“I hate him for … [h]e lends out
money gratis … He hates my well-worn thrift,
which he calls ‘interest’”
-Shylock in the Merchant of Venice by William Shakespeare (1605)
Interest is a tag-on to damages recoverable in civil litigation and some related proceedings. Although usually small in amount, it can be sizeable if the proceedings are lengthy, the outcome large, or both.
A pair of recent rulings of the Minnesota Court of Appeals addressed interesting issues in imbroglios concerning the amount of interest to prevailing parties. The concurrently-decided appeals shared some similarities. They both arose from arbitration proceedings, were reviewed by the Hennepin County District Court, and reversed by the Appellate Court.
Otherwise, they differed. One set aside the amount of pre-award interest in an insurance arbitration, while the other overturned denial of post-award interest in what Donald Trump might refer to as a HUGE trade secrets misappropriation dispute.
An insured was not entitled to pre-award interest on an appraisal arbitration for a first-policy claim under the policy in Poehler v. Cincinnati Ins. Co., 2016 Minn. App. LEXIS 7 (Minn. January 25, 2016). The Hennepin County District Court upheld pre-award interest on an appraisal award of $264,144 for damages due to a fire at the insured’s home.
But the Court of Appeals reversed, holding that the pre-judgment interest law, Minn. Stat. § 549.09, subd. 1(b), does not extend to appraisal proceedings under insurance policies.
Under Minnesota Court rulings, pre-award first party insurance claims are allowed “only in cases heard on an underlying breach of contract or actionable wrongdoing.” Since neither occurred here, the award of interest award was impermissible under the statute.
Nor was pre-award interest allowable as “compensatory damages.” That prejudgment interest statute does not extend, by its terms, to “noncompensatory damages.” But payments made under an insurance policy like this are not “not compensatory damages,” which are regarded as money to be paid by a “wrongdoer … for the wrong.” Because the insurer that denied the claim was not a “wrongdoer,” it has no obligation for interest prior to issuance of the appraisal award. The insurance carrier did not deprive the homeowner of any money because it promptly paid the full amount of the appraised award, and did not “wrongfully” withhold payment.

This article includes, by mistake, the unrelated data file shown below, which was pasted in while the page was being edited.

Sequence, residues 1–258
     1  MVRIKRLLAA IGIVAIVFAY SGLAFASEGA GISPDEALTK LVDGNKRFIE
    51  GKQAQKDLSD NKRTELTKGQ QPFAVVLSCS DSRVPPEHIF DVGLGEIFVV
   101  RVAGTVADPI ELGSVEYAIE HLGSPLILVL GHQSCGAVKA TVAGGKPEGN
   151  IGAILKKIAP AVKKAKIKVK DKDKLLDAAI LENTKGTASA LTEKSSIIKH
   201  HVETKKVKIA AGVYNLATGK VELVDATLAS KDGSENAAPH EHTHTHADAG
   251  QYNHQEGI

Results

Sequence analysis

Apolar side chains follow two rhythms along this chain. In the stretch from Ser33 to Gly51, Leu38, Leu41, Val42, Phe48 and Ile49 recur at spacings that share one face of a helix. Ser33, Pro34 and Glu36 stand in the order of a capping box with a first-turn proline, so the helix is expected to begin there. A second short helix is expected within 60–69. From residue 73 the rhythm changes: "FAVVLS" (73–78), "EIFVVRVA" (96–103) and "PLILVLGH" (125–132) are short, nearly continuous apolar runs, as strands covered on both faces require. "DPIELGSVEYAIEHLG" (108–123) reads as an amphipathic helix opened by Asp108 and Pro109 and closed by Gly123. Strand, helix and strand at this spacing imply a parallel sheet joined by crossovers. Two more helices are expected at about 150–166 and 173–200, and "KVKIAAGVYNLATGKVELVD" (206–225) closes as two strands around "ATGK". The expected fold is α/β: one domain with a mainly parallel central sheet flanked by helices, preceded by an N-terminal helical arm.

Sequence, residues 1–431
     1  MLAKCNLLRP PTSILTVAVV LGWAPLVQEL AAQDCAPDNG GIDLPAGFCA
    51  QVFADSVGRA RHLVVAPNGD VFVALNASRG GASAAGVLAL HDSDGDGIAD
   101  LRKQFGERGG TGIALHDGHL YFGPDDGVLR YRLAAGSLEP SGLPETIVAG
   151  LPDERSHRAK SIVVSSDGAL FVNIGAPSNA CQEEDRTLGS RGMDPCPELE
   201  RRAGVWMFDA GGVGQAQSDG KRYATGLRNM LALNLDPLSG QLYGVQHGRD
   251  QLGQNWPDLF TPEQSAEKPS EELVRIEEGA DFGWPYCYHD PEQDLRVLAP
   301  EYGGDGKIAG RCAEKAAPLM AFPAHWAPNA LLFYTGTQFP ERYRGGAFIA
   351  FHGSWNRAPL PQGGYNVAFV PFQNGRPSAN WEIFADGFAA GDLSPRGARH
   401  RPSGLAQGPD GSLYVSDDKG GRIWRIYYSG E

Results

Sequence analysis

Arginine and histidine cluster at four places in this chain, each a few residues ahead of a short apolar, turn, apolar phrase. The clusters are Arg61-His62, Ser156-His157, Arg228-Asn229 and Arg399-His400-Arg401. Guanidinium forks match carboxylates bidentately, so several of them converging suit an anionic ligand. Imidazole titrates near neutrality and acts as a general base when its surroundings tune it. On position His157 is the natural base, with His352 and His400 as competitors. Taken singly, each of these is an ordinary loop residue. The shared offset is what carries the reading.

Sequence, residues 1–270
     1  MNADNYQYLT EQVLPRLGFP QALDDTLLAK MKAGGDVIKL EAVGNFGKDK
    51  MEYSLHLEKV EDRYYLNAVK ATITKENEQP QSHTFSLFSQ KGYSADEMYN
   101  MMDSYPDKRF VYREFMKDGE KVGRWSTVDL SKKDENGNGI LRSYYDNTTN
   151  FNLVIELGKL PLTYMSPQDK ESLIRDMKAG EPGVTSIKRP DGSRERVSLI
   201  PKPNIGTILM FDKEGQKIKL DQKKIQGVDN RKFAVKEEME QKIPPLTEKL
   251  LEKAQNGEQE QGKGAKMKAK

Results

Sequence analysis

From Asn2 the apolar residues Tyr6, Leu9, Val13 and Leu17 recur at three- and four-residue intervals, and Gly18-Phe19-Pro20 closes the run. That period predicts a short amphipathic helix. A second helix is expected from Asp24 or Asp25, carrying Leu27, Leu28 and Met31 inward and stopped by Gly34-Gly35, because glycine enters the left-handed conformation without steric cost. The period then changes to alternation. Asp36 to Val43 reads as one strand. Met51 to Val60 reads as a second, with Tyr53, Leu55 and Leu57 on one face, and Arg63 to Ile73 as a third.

While the insured claimant advanced “strong” public policy arguments, they were not sufficient to prevail because the statute “unambiguously” does not permit such an award.
But post-award interest was allowed in the latest chapter of the longstanding arbitration award and ensuing litigation over misappropriation in Seagate Technology, LLC v. W. Digital Corp., 2016 Minn. App. LEXIS 96 (Minn. App. January 25, 2016) (unpublished). The Hennepin County District Court denied the requested post-award interested on grounds that it was encompassed within the large arbitration award of $630 million, which had grown by another $140 million with pre-award interest to more than $773 million.
The successful claimant sought an additional $28,884, which it asserted was post-arbitral interest that was not part of the award. The Court of Appeals, holding that the issue of interest following the award was not addressed in the arbitral award. But the “plain language” of Minn. Stat. § 549.09 “mandated” that such interest be granted on the entire amount.
Both parties took a “mercurial approach to the issue,” each taking a position earlier in the mammoth dispute “exactly opposite” to their present stances. But review of the award reflects that it “did not decide the issue of post-award interest,” which is mandatory under the “plain language” of Minn. Stat. § 549.09. Therefore, the lower court’s denial of such interest was erroneous, and the case was remanded to calculate the mandated interest amount.
This pair of reversals show that the Court of Appeals, like Shakespeare’s iconic character Shylock, are not shy when it comes to dealing with charges of interest.
When pre-judgment interest not allowed under Minn. Stat. §549.09
- Workers compensation cases.
- Future damages.
- Punitive damages.
- Costs, disbursements, and attorney’s fees.
*Originally published in Minnesota Lawyer.